JAN. 8, 2016 – A few months into Julia Langley’s tenure as director of the Arts & Humanities Program at Georgetown Lombardi, bags of art supplies began to appear at her desk.

“Bags full of colored pencils, stickers, construction paper, scissors, paint, rulers, pens — you name it — would just show up on my desk,” she said. “And there was always a tag attached to it that said ‘Marge and Bill Allen.’”

Marge Allen, it turned out, was a patient at Georgetown Lombardi.

“Initially I was so traumatized by my diagnosis that I could barely open the door to Lombardi,” she said. “But when I walked in and I saw the Ribbon of Joy and the art everywhere, I realized that someone besides the medical team cared. It was an immediate feeling of comfort.”

To give back to the Arts & Humanities Program, the Allens began donating art supplies. Each time they came to the clinic, they brought new bags of items.

“We felt that we had been taken care of, in terms of more than just our health. So we wanted to give back,” Marge Allen said.

Meanwhile, a group of undergraduate student volunteers had been helping with administrative tasks at Lombardi and were looking for ways to have more meaningful interactions with patients. This past fall, the student group, known as Georgetown University Oncology Patient Support (GU OPS) began leading art projects and activities with patients at Lombardi and Medstar Georgetown University Hospital. They were also recognized as an official student club and, thanks to the Allen family’s generosity, the Allen Activity Cart was created to make distributing activities and supplies to patients more efficient.

The Allen Activity Cart

Langley and Morgan Kulesza, the program coordinator of the Arts & Humanities Program, use the couple’s donations to stock the Allen Activity Cart, which includes expressive writing notebooks, coloring pages, origami paper, puzzles, sudoku, card-making supplies and more. GU OPS volunteers work in shifts, wheeling the cart around to patients and offering to do activities with them.  

“In the big picture, the goal of GU OPS is to improve the patient experience,” said Langley. “Activities including writing and art-making give patients a sense of control, as well as something to do in what can be a very lonely environment.”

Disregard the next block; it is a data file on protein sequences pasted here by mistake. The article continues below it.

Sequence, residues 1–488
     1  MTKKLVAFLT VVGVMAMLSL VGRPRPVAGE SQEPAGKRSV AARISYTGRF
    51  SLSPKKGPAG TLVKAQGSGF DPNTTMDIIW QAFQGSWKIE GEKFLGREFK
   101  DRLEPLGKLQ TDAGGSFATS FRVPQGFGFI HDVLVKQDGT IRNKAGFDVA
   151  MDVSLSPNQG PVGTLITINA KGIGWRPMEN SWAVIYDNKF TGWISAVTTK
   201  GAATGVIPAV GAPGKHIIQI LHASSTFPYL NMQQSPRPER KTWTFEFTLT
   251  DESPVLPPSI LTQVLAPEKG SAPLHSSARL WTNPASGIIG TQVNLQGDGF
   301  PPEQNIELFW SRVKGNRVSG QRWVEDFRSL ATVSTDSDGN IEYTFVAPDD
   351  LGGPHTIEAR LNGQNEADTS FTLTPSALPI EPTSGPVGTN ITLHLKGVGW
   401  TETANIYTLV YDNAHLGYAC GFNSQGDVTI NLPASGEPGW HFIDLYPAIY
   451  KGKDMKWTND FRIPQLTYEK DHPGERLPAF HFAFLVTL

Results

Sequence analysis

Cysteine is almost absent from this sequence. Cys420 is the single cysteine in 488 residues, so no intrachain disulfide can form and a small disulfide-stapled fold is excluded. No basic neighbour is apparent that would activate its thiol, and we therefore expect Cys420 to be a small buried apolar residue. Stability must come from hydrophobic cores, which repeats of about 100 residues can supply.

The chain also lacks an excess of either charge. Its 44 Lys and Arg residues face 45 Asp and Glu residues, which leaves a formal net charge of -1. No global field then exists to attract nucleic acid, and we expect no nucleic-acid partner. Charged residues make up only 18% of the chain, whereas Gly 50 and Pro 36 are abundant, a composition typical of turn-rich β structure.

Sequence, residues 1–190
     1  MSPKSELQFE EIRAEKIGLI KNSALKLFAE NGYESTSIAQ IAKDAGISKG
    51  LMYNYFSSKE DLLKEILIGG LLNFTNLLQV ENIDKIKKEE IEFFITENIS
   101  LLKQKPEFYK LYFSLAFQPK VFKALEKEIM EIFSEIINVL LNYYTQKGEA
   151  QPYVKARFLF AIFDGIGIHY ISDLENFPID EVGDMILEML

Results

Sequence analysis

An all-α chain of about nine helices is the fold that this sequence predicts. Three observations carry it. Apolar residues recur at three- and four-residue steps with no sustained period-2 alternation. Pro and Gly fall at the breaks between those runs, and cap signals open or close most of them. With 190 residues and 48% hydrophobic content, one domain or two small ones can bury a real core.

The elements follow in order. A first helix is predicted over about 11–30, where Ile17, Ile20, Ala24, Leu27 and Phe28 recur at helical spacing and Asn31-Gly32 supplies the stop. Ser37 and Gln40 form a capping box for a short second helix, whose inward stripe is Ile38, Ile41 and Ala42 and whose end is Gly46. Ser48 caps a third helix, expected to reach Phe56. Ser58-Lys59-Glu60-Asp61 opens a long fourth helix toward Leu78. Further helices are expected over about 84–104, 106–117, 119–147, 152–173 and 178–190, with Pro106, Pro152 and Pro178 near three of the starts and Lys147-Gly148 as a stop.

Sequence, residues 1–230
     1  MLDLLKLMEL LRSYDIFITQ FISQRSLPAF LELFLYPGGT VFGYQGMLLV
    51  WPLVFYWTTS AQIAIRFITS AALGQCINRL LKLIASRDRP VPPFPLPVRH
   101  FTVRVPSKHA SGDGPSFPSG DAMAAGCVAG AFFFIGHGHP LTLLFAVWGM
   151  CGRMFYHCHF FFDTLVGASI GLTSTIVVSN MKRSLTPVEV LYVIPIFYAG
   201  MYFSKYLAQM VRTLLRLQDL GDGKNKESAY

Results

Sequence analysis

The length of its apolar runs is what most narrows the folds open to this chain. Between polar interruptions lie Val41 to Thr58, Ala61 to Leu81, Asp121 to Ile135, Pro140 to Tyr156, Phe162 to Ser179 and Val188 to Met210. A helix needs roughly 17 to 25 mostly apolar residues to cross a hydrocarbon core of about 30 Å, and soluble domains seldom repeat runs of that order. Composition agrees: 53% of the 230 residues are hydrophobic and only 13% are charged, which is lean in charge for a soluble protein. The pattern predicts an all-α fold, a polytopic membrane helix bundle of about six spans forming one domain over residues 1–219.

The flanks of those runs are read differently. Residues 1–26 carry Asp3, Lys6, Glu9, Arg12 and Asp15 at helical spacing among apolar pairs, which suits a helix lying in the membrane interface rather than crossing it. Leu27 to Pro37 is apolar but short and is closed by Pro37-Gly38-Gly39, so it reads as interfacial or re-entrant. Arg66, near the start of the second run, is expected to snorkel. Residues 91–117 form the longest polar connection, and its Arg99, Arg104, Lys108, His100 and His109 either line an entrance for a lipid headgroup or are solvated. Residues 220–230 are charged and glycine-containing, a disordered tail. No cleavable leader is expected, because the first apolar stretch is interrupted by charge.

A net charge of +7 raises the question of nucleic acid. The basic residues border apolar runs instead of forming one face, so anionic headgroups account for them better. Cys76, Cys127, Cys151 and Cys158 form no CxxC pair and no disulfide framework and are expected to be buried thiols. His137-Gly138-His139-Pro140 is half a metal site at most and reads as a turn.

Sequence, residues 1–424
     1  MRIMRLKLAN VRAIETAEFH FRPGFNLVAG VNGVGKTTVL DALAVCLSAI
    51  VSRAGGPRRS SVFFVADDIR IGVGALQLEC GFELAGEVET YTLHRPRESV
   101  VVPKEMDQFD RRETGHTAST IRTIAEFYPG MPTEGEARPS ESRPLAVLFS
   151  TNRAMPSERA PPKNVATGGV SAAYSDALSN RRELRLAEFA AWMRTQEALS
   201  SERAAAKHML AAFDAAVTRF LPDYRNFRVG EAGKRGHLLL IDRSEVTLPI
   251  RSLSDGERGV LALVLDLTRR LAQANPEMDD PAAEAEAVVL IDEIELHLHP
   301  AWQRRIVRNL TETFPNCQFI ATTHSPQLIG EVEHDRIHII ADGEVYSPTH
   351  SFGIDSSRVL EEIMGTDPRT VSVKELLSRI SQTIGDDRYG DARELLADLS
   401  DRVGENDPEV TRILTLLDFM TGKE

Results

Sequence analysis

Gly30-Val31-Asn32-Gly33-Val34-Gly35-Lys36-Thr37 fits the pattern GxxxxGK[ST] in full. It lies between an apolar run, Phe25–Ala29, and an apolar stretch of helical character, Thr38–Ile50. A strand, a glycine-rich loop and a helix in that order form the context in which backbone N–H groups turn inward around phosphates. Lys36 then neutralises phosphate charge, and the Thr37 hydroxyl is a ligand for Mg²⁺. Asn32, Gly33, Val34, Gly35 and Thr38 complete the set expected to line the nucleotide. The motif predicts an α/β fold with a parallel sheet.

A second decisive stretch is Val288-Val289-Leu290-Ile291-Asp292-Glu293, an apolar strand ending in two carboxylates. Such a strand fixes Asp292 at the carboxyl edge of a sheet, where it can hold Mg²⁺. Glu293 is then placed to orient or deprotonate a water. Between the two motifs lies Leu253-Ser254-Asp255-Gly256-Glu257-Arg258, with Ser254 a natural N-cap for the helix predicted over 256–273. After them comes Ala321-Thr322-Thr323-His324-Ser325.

When patients in a hospital are constantly monitored, taken for tests and given medications, some feel a loss of personal autonomy. Many patients are happy to take advantage of the activity cart, but it’s just as important that GU OPS provides patients a rare opportunity to say “no.”

“When patients come into the hospital, they don’t have a lot of choices,” said Shannon Glynn, a human sciences major (NHS ‘16) and president of GU OPS. “Sometimes they really appreciate just being able to say ‘no.’ It gives them autonomy.”

Care For The Whole Person

Eleven GU OPS volunteers work in shifts at the hospital on nights and weekends. All are majoring in the sciences and most want to go to medical school.

For many patients, the activity cart staves off boredom. For others, it acts as a distraction from the stress and anxiety associated with being sick.

“Our main goal is to care for the whole person,” said Glynn. “We just think it's really important that undergraduates are exposed to that, especially those who are interested in going into medicine.”

“When you’re ill, your body is out of balance and your mind worries about that, and tries to solve that problem,” said Lauren Kingsland, an artist who works with the Arts & Humanities Program. “By engaging the creative part of ourselves, we can get perspective on our frustrations and anxiety. It brings us into the immediate present.”

Kingsland spent one-on-one time with several of the volunteers when they received initial training for GU OPS, preparing them to work with patients. She focused on art as a tool to care for patients, as well as seeing past the illness to the person underneath.

For many of the volunteers, GU OPS is the first time they are being exposed to patients in a hospital setting, so training and practice is essential. Paul led a training where volunteers role-played different scenarios: what to do if a patient doesn’t want them to leave, or a doctor rushes in during their conversation.

To further prepare students, Kingsland, along with other artists at the Arts & Humanities Program, served as a mentor to the GU OPS volunteers. The mentorship program was offered as an additional opportunity for students who wanted to learn a specific art form such as painting, dance, music, expressive writing and fabric art. “We really saw the benefits of having someone that is hopefully going to medical school partnering with an artist, who can teach ways to approach patients in a more humanistic, holistic way,” said Paul.

Going forward, the mentorship program will be offered once a year. Langley predicted significant growth in the GU OPS program in upcoming years. “There are terrific opportunities here for students to learn firsthand how patients benefit from the integration of the arts into health care,” said Langley. “The wisdom and generosity of Marge and Bill Allen leads the way to improving both the patient and student experience here at Georgetown Lombardi.”

Leigh Ann Renzulli
GUMC Communications